In past posts, we’ve discussed how employer liability isn’t a factor in a workers’ compensation case. That means that you don’t have to prove that your employer â?? or anyone else â?? was negligent or liable for your injury to receive compensation from workers’ comp. The only major requirement is that you were injured on the job and in the course of your work. However, there are some limitations to that definition.
Workers’ compensation in most states will not cover an injury sustained by an employee who was on the job but was under the influence of drugs or alcohol. In many cases, a drug or alcohol screening is conducted following a report of on-the-job injury.
If it can be shown that an employee inflicted self-harm while on the job, then he or she would be denied workers’ compensation benefits for that injury. This keeps employees from purposefully injuring themselves in order to draw benefits while not working.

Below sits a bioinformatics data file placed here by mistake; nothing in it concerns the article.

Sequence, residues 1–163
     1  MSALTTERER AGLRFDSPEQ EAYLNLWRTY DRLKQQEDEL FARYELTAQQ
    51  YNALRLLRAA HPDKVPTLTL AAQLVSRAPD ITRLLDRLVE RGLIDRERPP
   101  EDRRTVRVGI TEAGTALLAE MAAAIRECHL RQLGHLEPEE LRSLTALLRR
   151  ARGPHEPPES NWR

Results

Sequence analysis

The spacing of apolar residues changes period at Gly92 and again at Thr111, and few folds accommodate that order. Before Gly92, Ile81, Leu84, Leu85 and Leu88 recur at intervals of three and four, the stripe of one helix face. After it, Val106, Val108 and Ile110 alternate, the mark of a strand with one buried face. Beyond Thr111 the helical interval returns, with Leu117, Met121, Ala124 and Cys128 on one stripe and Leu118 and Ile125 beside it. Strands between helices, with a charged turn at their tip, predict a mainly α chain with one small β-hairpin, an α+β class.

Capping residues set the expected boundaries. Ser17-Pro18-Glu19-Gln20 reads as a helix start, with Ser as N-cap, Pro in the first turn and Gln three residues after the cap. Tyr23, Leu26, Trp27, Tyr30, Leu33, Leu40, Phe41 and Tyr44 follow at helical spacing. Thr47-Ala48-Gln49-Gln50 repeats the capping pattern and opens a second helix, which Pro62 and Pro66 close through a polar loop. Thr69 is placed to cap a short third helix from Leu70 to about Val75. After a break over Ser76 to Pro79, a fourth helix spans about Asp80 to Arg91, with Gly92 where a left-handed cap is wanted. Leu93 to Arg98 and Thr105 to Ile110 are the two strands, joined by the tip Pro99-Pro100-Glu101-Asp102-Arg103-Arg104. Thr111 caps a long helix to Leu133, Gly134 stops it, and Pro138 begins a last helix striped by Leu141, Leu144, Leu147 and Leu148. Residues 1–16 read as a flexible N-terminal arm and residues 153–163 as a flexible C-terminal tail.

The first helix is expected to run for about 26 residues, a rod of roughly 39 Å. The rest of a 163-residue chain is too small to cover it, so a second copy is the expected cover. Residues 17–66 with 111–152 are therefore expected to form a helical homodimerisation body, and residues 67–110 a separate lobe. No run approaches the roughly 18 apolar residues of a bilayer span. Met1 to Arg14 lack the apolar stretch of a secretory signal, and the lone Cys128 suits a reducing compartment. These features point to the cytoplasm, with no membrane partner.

Another reason workers’ compensation would deny coverage to an injured employee is if the employee was engaging in illegal activity on the job while the injury occurred â?? and this is especially true if the illegal activity in part led to the injury.
Finally, workers’ compensation does not cover injuries that occur outside of the scope of employment, even if the employee is at a job site at the time an injury occurred. For example, if a coffee barista is at the coffee shop where she works but she is there as a customer enjoying a hot beverage, an injury from a slip and fall would not be covered. If a construction worker was on the job and clocked in, and he chose to do a backflip off of a short ladder, workers’ compensation would likely not cover any resulting injuries.
If you were at work and experienced an injury in the course of your job duties, you most likely are covered. If your workers’ comp provider is trying to use any of the above scenarios to deny your claim, then consider seeking legal assistance to fight for the compensation you deserve.
Source: FindLaw, “Workers’ Comp Benefits Explained,” accessed April 15, 2016